The scene of the horror-crash that claimed the lives of 17 people on the N1 outside Mookgophong on 12 January. Photo supplied.
Date: 20 January 2022 By:
The Minister of Transport, Mr Fikile Mbalula, released the 2021 festive season fatality statistics on Tuesday, with Limpopo recording both the deadliest crash and the “fastest” motorist for the period.
“Over this past festive season, we saw some of the most heart-wrenching crashes claiming many lives in a single crash. On 12 January, a head-on collision claimed 17 lives and injured eight on the N1 near Mookgophong, Limpopo. The bus driver lost his life along with the passengers due to the bus catching fire that entrapped them inside immediately after impact,” Mbalula said in his speech delivered at the Grasmere Toll Plaza. He added that he found the fact that more fatalities occurred per crash this year, with passenger fatalities constituting 38% of fatalities, compared to the 32% of the previous period, very alarming.
Regarding speed, Mbalula said a total of 605 drivers had been arrested for driving at excessive speeds of between 190 km per hour to well above 220 km per hour. The speedster travelling at the highest speed was arrested in Limpopo, travelling at 225 km an hour.
A total of 1 685 fatalities were recorded over this festive period, which is a 14% increase on the previous period. The main causes of road fatalities during this period were jaywalking, speeding, wet or slippery road surfaces, overtaking across barrier lines, and poor visibility.
Only two provinces showed a decline in fatalities, namely the Eastern Cape and Kwazulu-Natal. The Eastern Cape recorded the largest decline in fatalities with a reduction of 7.9% or 210 fatalities, compared to the same period last year, when it had 228 fatalities. Similarly, KwaZulu-Natal recorded a significant 6.5% decline in fatalities. The province recorded 275 fatalities, compared to 294 in the same period last year.
Mbalula said he considered the fact that the Northern Cape had recorded the highest increase of 97%, moving from 33 fatalities in the previous period to 65 in this period, the most disturbing. The Western Cape equally recorded a massive 55.6% increase in the percentage of fatalities, moving from 133 fatalities the previous period to 207 in this period. North-West recorded a 25.3% increase moving from 95 fatalities in the previous period to 119 in this period, while Mpumalanga recorded an increase of 24.3% by moving from 152 fatalities in the previous period to 189 in this period.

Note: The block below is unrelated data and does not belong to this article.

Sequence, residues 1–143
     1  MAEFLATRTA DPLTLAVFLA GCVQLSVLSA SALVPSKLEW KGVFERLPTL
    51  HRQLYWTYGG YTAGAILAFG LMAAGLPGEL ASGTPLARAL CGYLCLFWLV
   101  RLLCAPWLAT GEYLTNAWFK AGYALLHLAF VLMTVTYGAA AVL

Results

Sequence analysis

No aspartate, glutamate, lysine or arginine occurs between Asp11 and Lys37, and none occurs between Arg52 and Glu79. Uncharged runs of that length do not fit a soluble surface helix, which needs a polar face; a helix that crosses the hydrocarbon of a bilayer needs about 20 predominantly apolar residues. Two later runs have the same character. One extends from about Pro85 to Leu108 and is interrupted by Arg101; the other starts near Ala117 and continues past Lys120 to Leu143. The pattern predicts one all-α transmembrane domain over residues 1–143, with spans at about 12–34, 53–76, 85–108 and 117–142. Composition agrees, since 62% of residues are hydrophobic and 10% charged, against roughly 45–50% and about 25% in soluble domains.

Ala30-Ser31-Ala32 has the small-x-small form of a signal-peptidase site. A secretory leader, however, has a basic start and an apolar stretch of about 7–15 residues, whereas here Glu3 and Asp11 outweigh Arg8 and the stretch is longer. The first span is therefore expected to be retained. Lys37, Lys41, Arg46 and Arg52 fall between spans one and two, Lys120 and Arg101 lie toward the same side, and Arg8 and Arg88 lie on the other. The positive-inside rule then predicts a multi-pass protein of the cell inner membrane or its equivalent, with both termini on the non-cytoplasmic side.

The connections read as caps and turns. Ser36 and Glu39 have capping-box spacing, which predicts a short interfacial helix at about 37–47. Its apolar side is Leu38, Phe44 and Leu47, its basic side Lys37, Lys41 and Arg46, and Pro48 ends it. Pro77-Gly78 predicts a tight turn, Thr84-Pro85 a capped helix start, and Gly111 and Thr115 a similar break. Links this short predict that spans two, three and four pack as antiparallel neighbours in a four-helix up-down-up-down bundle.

Limpopo recorded a 16.5% increase, moving from 194 fatalities in the previous period to 226 in this period. Gauteng recorded a 15.5% increase by moving from 238 fatalities in the previous period to 275 in this period, while the Free State recorded the lowest increase of 7.2%, moving from 111 fatalities in the previous period to 119 in this period.
As for law enforcement, 651 roadblocks were conducted throughout the country, and they issued 264 690 fines for various traffic offences. Of particular interest is that 21 431 of these fines were for drivers who failed to wear seatbelts while 22 766 were for people who were driving without licences. “It is our intention to ensure that the law bites and driving on our roads without a driving licence carries a heavy penalty, otherwise the mooted points demerit system will make no difference in driver behaviour,” Mbalula said, later stating that the government would appeal the recent ruling of the Pretoria High Court declaring the AARTO Act unconstitutional and invalid.
A total of 4 251 un-roadworthy vehicles were discontinued while 4 073 vehicles were impounded. To clamp down on drunken driving, speed and other moving violations, the officers arrested 6 169 motorists and 1 586 of these were for drunken driving.